resident said, "They are taking advantage of the difficulties here and trying to convert
us to their beliefs."
Herzl Shayubi, who served until recently as Deputy Mayor of Sderot, told Arutz-7, "You
can see that they have become very active here of late, with large signs about repentance
and door-to-door activity with their Bibles and materials... In one case, I physically
stopped one of them when I saw what he was giving out."
Moshe Malka, an activist of the Yad L'Achim anti-missionary organization who has family
living in Sderot, said, "The missionaries - most of them 'Messianic Jews' - often show up
to the weekly market day, marketing their destructive wares... Many of the residents say
that the missionaries are taking advantage of their difficult situation to try to entice
them to join their services - and it really appears that they have targeted Sderot.
"For instance, around the country they give out cheap editions of the New Testament,
but here in Sderot they have been giving out a very fancy edition, with a very beautiful
gold and black binding and gold-edged pages. I went into some houses to show them the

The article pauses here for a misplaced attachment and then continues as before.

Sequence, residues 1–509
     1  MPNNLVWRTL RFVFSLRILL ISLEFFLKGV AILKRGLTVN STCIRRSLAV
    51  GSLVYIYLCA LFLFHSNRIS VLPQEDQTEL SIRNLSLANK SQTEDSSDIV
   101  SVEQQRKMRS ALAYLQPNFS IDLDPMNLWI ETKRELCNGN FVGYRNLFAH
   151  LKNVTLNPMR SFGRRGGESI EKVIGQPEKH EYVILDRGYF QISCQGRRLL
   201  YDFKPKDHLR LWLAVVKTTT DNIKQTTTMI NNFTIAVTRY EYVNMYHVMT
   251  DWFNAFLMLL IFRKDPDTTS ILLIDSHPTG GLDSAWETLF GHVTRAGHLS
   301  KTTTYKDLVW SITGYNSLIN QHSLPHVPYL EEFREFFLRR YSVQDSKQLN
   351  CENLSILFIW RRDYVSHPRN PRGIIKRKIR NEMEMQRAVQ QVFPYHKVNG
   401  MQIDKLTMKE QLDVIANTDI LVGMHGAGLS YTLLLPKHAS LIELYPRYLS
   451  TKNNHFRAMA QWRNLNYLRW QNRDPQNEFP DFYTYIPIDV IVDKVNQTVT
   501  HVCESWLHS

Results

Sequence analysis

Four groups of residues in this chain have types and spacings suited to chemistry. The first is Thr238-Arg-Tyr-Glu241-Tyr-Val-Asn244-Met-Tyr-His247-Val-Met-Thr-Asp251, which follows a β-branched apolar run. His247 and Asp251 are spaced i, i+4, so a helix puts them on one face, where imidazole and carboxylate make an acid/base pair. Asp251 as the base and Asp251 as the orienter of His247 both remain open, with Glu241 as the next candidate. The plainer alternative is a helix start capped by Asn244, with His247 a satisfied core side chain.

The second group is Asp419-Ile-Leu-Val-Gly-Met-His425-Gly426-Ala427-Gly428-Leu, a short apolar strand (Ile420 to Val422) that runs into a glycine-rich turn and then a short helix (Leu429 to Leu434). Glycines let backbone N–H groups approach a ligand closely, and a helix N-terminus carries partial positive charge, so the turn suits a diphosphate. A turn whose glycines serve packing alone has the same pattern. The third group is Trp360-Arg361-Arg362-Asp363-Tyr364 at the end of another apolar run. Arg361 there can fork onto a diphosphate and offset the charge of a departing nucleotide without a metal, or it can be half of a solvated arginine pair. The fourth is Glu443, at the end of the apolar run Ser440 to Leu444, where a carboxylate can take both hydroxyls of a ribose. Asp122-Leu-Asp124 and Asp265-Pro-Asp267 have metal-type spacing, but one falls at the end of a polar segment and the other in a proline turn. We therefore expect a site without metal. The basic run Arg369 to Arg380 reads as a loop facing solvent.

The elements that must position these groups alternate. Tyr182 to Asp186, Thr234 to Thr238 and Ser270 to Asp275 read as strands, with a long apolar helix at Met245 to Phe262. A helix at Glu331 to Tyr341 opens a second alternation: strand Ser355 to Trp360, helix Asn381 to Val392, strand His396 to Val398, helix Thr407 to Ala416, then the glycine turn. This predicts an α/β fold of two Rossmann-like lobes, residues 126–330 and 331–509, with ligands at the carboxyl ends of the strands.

book and ask if they've ever seen one like it - and they say, 'Sure, someone once gave us
this' and they pull it out of their libraries. The missionaries simply prey on the
ignorant and the weak."
Malka said the plight of the residents is very much in evidence: "For instance, on the
weekly market day, there used to be four or five rows of people selling their stuff, and
now there's only one row. On every street you see many houses for rent or for sale. It
looks like a ghost town."
Yad L'Achim has stepped up its anti-missionary activity in Sderot, Malka said: "We have
been going door-to-door ourselves, and we're in contact with the yeshivat hesder there,
and with the local Beit Chabad, and we stand at intersections, etc. We would like to hold
a public session in some protected building in order to explain the dangers..."
Avi Ben-Abu, a local grocery store owner, told Yad L'Achim, "It is unacceptable for